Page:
U-M/VA computer model suggests that common use of acid-reducing medicine to prevent stomach bleeding increases mortality from infections
Newswise, November 10, 2015 — Right now, in any American hospital, about half of the patients have a prescription for an acid-reducing drug to reduce heartburn or prevent bleeding in their stomach and gut.
But that well-intentioned drug may actually boost their risk of dying during their hospital stay, a new study finds – by opening them up to infections that pose more risk than bleeding would.
In fact, according to a computer simulation based on real-world risk and benefit data, around 90 percent of hospital inpatients who were first prescribed these drugs in the hospital have a higher risk of dying when they’re taking them, compared with their risk if they hadn’t gotten the prescription.
And for around 80 percent of patients who were already on these common drugs, called proton-pump inhibitors or PPIs, when they arrived at the hospital, staying on them also may lead to a small increase in the risk of dying.
The extra risk of death comes from the fact that reducing acid in the stomach can increase the risk of infections – especially pneumonia and Clostridium difficile, both of which pose a serious risk to hospitalized patients who develop them.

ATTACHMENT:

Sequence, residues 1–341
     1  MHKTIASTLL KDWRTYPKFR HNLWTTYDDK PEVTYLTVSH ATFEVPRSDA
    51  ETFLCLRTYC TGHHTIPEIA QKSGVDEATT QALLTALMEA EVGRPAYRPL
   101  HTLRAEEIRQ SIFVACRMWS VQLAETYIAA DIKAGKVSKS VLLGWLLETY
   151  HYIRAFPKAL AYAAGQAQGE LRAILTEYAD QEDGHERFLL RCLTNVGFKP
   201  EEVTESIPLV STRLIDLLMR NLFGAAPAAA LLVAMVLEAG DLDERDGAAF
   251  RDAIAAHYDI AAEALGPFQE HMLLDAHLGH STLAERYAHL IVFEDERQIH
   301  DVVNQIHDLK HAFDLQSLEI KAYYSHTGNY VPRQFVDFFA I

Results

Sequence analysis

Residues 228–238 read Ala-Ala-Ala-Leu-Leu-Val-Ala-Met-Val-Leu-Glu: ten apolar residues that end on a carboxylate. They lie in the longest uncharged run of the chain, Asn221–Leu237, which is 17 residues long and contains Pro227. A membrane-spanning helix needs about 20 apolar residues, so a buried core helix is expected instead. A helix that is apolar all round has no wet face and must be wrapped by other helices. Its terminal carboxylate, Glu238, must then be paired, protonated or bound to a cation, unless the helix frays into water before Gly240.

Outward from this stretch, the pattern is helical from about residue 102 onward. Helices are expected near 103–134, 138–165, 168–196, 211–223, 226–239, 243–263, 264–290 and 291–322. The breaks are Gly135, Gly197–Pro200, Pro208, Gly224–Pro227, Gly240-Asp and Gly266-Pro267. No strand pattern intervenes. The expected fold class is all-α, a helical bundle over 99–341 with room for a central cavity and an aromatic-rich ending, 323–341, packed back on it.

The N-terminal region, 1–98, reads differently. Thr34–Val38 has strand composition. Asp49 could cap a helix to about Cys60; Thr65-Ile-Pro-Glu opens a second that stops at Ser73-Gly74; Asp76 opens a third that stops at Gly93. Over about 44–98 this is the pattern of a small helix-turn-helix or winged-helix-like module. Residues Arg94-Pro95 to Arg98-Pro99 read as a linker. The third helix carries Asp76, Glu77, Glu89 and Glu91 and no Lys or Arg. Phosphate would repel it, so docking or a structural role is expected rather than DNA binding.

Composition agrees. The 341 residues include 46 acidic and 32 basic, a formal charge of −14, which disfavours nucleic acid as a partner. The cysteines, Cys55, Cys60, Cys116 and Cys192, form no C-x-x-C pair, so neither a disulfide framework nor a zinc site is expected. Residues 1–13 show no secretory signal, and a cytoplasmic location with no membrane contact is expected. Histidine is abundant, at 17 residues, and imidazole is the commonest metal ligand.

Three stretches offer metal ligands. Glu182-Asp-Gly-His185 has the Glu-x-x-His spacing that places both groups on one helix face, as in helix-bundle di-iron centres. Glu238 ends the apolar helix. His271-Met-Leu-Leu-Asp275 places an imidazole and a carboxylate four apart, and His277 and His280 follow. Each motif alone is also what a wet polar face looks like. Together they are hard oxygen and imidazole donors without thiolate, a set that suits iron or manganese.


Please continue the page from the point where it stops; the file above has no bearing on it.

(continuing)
The study, which uses a computer model to achieve a result that otherwise would require an impractically large clinical trial, is published in the Journal of General Internal Medicine by a team from the University of Michigan Medical School and VA Ann Arbor Healthcare System.
“Many patients who come into the hospital are on these medications, and we sometimes start them in the hospital to try to prevent gastrointestinal, or GI, bleeds,” says lead author Matthew Pappas, M.D., MPH.
“But other researchers have shown that these drugs seem to increase the risk of pneumonia and C. diff, two serious and potentially life-threatening infections that hospitalized patients are also at risk for,” he continues.
“Our new model allows us to compare that increased risk with the risk of upper GI bleeding. In general, it shows us that we’re exposing many inpatients to higher risk of death than they would otherwise have – and though it’s not a big effect, it is a consistent effect.”
As a result of the new findings, he says, very few hospital patients should start taking or continue on PPIs as a preventive measure against gastrointestinal bleeding.
Pappas, a hospitalist physician at U-M with an engineering background and a VA Health Services Fellow, worked with Sandeep Vijan, M.D., MPH, who treats patients at the VAAHS and is a member of the VA Center for Clinical Management Research and U-M’s Institute for Healthcare Policy and Innovation.
Pappas is a clinical lecturer, and Vijan a professor, in the U-M Medical School’s Division of General Medicine. The project’s only funding was Pappas’s fellowship support.
Cutting PPI use to cut infection risk
Pappas notes that nationally, some efforts have already shown ways to reduce the rate of new PPI prescriptions to hospitalized patients – about 20 percent of whom receive such orders right now.